“That report did conclude that they were viable for a restoration,” Annen said. “We think that’s in error. Every contractor that has looked at that property for us has confirmed that there’s essentially not a usable board in the building.
“Let’s put it this way,” Annen added. “If anyone wants to enter them, you’re required to sign a release, because if you fall through the floor, you’re going to pay your own medical bills. The structures on the outside and the timbers are preserved, but it isn’t like you’re going to put a new coat of paint on them here, and a new door there, and you’re set to go.”
Silva-Martinez said the city continues to keep tabs on the cottages and assure the owners are in compliance.
“They agreed to check in with us every 60 days to keep us informed on their progress in obtaining devel- opers or investors. We enforce the law as prosecutors,” Silva- Martinez said, noting that with an historic structure, the owner is required to keep the property weather- proofed and free of litter and excess vegetation.
However, a recent visit to the site by the La Jolla Light showed that weatherproofing tarps covering the site were in a tattered condition, and vegetation surrounding the buildings was overgrown.
Baroudi said that because of the cottages’ fragile state she has been layering the tarps, rather than removing the old ones as they wear thin. In response to the Light’s inquiry about the cottages’ condition, Baroudi sent a contractor out to begin repairing the tarps late last month, though her attorney said the work was halted shortly after.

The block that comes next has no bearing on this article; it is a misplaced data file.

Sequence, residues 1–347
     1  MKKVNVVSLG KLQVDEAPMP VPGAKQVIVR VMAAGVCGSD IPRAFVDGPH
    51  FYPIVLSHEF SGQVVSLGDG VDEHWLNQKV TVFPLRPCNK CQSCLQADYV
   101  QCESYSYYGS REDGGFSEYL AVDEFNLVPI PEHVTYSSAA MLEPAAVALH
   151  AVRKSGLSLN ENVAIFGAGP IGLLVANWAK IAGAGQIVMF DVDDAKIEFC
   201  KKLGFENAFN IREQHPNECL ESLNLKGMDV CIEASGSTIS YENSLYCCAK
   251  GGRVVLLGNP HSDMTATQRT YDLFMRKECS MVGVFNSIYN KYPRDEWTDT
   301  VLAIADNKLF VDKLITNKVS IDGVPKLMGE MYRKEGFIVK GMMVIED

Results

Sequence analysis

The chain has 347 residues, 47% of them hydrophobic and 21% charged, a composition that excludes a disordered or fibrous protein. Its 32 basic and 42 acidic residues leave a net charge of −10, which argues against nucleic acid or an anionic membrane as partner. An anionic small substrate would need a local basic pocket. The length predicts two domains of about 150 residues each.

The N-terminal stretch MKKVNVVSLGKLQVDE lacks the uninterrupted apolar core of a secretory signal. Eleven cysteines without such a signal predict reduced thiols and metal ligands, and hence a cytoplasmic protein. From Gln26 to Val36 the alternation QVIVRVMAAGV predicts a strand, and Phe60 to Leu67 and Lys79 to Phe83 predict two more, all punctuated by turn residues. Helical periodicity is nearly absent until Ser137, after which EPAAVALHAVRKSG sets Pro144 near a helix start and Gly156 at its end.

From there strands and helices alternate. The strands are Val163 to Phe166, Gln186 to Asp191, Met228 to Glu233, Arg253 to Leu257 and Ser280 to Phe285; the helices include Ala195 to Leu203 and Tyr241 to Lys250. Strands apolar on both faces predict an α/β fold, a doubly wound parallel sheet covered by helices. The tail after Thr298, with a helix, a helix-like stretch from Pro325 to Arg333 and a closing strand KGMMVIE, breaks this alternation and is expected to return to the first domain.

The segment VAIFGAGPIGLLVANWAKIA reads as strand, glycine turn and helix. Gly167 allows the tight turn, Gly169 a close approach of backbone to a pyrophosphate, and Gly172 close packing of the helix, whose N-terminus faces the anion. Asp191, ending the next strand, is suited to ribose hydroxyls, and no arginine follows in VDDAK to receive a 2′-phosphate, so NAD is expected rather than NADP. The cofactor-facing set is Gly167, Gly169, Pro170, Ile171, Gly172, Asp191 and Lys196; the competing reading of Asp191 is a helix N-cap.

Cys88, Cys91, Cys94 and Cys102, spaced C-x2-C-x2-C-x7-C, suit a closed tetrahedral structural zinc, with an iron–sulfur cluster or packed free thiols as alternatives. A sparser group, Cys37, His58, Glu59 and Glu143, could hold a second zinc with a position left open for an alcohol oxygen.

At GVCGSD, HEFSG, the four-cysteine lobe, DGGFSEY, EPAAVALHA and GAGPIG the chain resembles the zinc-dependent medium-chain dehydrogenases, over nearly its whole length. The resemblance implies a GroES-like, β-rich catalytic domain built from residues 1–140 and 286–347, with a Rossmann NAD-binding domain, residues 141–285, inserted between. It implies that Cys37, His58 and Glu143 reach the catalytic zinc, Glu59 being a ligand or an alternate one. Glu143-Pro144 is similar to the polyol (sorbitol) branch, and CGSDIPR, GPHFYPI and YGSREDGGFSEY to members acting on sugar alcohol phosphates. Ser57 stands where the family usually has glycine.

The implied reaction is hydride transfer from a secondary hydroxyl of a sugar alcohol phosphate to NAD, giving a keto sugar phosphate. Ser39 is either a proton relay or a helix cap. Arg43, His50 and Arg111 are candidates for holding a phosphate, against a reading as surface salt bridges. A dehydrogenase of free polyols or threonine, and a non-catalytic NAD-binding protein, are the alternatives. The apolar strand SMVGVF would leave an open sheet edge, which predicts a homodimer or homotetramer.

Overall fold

“A worker’s foot went through the roof and another worker inside had his foot go through a floor board,” Annen said, via e-mail. “Neither were injured, but Krista had them stop work until she can meet with them to ensure that the installation of new tarps can be done in a manner that does not put any worker at risk of injury.”
Danna Nichols, a deputy city attorney with the code enforcement unit, assured that the tarps would be replaced, excess vegetation removed and any other code violations corrected, though she said there are certain portions of the case she could not discuss.
“Now that we are aware (of the potential violations), they should be taken care of very quickly,” she said. “I don’t think that the city is giving the property owner so much leeway. … They are on very tight, 60-day deadlines.
While it looks like there’s not a lot of movement … it takes a lot of back work. … Each deadline has different requirements.”
For now, Baroudi said she is “interviewing architects for the entitlement process,” a legal method of obtaining required approvals to develop property for a desired use.
However, it is a process that could take several more years to complete.
“The family has nobody else, at this point in time, who’s interested in (develop- ing) this, but they’ve made the decision, we’re going to move forward,” Annen said. “If they can get the property entitled for a viable develop- ment, then a developer may be more likely to come in and partner with them because the ground work has already been done.”